MR. CHIEF JUSTICE STONE delivered the opinion of the Court.
The question for decision is whether the Circuit Court of Appeals below rightly issued its writ of mandamus to the district court to correct that court's alleged error in striking respondent's pleas in abatement to a criminal indictment.
An indictment returned in June, 1941, by the grand jury sitting in the district court for Southern California, charged respondents and others with conspiracy to fix the price of evaporated milk sold in interstate commerce in violation of §§ 1 and 3 of the Sherman Act, 15 U.S.C. §§ 1, 3. The indictment recited that the grand jury which returned it had been impaneled at the November, 1940, term of court; that it had "begun but not finished during said November 1940 Term of said Court, an investigation of the matters charged in this indictment"; and that by order of the court the grand jury had continued to sit
In September, 1941, respondents filed pleas in abatement, asking that the indictment be quashed for want of jurisdiction of the court, on averments that the minutes of the grand jury for its meeting of February 28, 1941, disclosed that no investigation of any matter mentioned in the indictment had been "begun" by the grand jury within the meaning of § 284 of the Judicial Code, 28 U.S.C. § 421,
The Government filed replications denying generally all the allegations of the pleas, and the issues thus raised
On the petition for the writ and the Government's return, the court of appeals ordered the writ to issue. Upon rehearing before the full court sitting en banc the court held that it had jurisdiction to issue the writ; that the district court had erred in striking the pleas in abatement; that the case was an appropriate one for intervention by mandamus; and that the writ should issue directing petitioners to reinstate the pleas in abatement and the replications, and to try the issues of fact thus raised. 130 F.2d 843. The court of appeals seems to have regarded the district court's order striking the pleas in abatement as in effect a refusal to act upon the pleas, id. 845. We granted certiorari, 318 U.S. 747, on a petition which set up that the circuit court of appeals erred in directing that mandamus issue, and in holding that the district court erred in striking the pleas in abatement.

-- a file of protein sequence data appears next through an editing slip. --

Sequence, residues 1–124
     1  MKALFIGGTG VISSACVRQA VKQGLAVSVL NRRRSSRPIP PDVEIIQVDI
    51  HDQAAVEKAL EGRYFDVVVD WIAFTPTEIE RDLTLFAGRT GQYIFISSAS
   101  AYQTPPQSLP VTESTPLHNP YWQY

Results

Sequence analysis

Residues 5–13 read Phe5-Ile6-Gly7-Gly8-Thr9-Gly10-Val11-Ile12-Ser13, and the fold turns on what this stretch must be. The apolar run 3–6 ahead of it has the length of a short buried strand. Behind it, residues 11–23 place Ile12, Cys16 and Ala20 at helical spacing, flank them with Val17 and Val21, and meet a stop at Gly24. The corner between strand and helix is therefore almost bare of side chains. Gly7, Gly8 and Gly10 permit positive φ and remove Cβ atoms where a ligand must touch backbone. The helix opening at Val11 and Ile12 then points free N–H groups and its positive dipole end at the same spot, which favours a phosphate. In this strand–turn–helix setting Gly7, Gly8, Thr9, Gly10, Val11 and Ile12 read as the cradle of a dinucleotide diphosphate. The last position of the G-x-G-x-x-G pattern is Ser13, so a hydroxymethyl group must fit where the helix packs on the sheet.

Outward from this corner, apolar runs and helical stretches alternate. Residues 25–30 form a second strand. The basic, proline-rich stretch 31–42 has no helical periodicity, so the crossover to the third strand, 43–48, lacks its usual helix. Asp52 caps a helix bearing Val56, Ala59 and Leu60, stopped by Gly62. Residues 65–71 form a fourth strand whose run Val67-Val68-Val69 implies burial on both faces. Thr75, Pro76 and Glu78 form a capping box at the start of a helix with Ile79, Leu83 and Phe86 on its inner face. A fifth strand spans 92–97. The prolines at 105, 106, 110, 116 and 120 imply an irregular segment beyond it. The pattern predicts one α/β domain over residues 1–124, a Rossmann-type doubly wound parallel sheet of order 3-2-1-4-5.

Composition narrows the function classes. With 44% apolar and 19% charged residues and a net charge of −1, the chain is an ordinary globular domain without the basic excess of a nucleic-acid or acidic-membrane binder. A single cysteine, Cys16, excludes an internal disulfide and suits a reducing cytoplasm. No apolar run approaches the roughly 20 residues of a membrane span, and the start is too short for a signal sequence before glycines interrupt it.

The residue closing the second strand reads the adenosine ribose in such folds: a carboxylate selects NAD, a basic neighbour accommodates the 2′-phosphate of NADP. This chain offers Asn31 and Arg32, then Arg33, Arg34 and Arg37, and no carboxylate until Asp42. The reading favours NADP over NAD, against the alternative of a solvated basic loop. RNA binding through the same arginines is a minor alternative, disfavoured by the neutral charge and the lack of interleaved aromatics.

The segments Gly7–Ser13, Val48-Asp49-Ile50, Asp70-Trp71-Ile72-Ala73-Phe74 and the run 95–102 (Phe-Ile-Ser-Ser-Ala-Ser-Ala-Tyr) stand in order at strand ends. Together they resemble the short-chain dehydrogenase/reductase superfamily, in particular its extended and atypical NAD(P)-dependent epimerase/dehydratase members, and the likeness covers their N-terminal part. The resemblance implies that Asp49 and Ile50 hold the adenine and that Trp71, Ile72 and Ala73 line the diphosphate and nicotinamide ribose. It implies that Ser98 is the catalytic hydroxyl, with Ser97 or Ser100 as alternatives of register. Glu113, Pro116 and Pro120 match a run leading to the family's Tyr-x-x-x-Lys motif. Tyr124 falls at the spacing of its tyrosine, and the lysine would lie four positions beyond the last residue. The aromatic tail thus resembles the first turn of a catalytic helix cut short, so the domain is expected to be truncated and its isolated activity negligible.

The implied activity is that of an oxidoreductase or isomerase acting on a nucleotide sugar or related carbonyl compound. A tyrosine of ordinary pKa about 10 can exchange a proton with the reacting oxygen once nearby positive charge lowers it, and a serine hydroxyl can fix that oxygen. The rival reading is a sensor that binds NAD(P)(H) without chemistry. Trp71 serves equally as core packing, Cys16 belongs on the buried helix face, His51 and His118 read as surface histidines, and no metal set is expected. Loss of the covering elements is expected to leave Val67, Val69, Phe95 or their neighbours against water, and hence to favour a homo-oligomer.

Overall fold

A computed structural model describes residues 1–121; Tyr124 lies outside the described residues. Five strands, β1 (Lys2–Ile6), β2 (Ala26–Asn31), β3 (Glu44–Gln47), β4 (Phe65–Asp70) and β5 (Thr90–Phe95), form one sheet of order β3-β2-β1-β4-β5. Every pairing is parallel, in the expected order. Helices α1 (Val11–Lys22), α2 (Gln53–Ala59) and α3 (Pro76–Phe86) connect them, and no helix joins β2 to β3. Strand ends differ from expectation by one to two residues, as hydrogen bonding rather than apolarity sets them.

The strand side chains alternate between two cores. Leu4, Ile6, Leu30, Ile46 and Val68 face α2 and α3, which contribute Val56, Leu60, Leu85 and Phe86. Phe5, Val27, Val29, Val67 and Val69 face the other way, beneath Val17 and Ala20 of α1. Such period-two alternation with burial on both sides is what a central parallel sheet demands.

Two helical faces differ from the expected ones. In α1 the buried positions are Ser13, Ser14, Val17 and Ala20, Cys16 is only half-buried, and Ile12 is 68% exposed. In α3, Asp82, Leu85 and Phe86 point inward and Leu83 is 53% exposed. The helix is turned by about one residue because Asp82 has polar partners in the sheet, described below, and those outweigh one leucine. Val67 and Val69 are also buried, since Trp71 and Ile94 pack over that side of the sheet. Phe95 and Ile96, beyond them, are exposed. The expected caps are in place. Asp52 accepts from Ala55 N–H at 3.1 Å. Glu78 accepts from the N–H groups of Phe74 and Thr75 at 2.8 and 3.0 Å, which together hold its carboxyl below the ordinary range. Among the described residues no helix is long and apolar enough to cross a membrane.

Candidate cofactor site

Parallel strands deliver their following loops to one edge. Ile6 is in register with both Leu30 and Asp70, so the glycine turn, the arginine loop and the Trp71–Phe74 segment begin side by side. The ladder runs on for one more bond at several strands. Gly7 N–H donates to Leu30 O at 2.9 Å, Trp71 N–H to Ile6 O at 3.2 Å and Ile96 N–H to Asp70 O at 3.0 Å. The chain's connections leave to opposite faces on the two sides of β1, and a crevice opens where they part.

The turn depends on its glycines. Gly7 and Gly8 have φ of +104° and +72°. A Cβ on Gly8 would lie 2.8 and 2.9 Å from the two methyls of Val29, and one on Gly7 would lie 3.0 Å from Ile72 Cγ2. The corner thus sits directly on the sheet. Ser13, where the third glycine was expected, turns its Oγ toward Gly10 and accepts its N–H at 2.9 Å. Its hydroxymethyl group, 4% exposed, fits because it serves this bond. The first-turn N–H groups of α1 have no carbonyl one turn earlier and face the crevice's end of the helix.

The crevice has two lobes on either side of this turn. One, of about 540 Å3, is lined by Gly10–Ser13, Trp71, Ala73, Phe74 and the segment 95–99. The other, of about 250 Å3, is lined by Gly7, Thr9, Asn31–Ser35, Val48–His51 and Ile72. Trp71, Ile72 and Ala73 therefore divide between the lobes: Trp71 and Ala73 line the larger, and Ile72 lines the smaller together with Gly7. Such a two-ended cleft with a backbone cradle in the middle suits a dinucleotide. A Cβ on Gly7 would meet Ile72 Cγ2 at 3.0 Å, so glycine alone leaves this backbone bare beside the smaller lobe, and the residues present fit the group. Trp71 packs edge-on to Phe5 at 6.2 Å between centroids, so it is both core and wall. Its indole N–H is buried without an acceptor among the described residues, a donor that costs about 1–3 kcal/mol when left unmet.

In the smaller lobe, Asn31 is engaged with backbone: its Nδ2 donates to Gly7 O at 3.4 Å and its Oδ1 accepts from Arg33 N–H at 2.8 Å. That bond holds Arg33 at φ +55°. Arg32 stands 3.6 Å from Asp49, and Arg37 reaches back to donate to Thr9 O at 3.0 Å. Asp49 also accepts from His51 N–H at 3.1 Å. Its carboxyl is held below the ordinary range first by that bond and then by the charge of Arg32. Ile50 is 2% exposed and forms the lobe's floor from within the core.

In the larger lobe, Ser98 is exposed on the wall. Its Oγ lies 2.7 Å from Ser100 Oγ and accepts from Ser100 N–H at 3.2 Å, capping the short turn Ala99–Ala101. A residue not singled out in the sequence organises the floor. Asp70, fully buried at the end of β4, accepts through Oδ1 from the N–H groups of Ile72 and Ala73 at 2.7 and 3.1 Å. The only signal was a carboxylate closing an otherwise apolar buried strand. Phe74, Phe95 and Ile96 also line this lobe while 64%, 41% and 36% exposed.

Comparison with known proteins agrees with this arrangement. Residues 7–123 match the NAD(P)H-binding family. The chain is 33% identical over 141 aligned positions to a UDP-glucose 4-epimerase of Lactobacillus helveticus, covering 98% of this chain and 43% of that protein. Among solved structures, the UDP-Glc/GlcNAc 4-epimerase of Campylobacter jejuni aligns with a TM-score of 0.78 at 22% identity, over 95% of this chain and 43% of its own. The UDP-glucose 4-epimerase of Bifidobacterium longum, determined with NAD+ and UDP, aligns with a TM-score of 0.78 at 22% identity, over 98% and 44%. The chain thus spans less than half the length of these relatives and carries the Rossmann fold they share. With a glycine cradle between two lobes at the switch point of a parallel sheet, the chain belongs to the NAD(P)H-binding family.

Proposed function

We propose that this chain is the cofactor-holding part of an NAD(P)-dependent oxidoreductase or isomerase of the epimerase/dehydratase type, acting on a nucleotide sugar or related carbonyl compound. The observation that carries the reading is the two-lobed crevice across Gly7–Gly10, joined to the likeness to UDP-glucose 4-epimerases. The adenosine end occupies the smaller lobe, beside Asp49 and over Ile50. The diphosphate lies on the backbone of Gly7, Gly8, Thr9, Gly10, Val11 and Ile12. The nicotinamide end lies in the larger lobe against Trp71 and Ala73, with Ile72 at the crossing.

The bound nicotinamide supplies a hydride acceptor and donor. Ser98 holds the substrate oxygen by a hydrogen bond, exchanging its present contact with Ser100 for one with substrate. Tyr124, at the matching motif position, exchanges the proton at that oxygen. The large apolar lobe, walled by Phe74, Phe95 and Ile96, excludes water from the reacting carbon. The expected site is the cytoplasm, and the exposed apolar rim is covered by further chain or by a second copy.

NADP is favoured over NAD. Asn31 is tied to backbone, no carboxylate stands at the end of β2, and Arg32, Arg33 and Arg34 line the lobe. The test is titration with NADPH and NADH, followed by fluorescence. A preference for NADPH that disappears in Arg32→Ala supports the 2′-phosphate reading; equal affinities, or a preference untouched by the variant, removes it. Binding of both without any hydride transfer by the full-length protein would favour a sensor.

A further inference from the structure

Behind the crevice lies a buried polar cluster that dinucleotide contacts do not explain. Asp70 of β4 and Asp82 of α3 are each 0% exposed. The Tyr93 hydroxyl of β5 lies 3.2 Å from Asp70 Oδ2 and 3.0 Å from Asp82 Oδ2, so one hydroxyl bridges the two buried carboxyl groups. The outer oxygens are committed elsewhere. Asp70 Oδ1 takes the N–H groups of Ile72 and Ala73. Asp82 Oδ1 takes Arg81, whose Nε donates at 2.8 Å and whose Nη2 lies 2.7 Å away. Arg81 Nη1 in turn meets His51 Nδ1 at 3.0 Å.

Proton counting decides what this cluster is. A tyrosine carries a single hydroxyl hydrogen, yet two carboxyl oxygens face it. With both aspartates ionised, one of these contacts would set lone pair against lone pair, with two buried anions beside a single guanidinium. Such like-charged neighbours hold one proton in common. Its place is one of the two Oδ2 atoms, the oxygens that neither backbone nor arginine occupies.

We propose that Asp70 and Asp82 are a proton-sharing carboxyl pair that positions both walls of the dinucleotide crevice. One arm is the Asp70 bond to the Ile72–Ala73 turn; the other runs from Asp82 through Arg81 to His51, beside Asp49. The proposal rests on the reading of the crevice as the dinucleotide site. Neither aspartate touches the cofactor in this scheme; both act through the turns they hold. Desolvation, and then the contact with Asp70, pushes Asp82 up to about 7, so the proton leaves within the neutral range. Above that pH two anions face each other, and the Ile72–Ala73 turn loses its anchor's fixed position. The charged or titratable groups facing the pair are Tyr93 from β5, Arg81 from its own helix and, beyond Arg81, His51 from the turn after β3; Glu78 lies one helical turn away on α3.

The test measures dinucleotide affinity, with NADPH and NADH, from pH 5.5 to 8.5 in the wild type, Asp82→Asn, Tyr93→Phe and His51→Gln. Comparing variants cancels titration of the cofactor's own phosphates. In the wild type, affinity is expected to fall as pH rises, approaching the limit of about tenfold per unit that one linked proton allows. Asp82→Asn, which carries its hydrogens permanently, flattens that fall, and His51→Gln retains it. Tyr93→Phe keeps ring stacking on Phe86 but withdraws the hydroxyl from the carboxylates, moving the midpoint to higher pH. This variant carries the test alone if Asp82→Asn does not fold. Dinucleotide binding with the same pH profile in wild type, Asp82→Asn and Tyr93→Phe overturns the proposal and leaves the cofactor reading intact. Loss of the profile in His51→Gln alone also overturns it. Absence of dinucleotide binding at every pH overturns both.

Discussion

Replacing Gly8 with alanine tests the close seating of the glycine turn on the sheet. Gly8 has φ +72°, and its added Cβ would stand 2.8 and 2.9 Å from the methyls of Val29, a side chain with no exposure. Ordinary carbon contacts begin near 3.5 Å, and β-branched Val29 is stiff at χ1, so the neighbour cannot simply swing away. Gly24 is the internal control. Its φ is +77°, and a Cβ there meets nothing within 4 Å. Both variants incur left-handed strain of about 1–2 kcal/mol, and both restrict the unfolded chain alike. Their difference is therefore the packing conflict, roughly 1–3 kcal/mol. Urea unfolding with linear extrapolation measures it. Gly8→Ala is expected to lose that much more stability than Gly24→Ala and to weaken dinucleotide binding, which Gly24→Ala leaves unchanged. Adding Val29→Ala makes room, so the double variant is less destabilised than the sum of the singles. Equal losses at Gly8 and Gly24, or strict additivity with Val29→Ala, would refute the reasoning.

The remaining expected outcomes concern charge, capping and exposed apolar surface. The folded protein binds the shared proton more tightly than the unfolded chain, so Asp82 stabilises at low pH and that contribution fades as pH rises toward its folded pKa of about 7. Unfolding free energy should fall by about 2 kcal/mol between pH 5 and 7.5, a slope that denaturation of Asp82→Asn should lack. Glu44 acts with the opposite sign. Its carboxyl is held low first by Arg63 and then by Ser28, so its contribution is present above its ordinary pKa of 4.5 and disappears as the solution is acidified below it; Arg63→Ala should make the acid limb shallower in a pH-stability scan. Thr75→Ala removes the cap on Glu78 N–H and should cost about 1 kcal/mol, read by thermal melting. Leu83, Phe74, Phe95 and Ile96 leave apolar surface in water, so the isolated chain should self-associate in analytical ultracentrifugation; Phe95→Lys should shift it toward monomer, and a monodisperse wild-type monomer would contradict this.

Petitioners concede that the circuit courts of appeals, like this Court, may, as provided by § 262 of the Judicial Code, 28 U.S.C. § 377, "issue all writs not specifically provided for by statute, which may be necessary for the
We are of opinion that in the circumstances of this case these are valid objections to the exercise by the circuit court of appeals of its discretionary power to issue the writ.
As the jurisdiction of the circuit court of appeals is exclusively appellate, its authority to issue writs of mandamus is restricted by statute to those cases in which the writ is in aid of that jurisdiction. Its authority is not confined to the issuance of writs in aid of a jurisdiction already acquired by appeal but extends to those cases which are within its appellate jurisdiction although no appeal has been perfected. Otherwise the appellate jurisdiction could be defeated and the purpose of the statute authorizing the writ thwarted by unauthorized action of the district court obstructing the appeal. Ex parte Bradstreet, 7 Pet. 634; Insurance Company v. Comstock, 16 Wall. 258, 270; McClellan v. Carland, supra, 280; Ex parte United States, 287 U.S. 241, 246; cf. Ex parte Siebold, 100 U.S. 371, 374-5; Ex parte Peru, 318 U.S. 578, and cases cited.
The common law writs, like equitable remedies, may be granted or withheld in the sound discretion of the court. Ex parte Peru, supra, p. 584, and cases cited; Whitney v. Dick, 202 U.S. 132, 136, 140. Hence the question presented on this record is not whether the court below had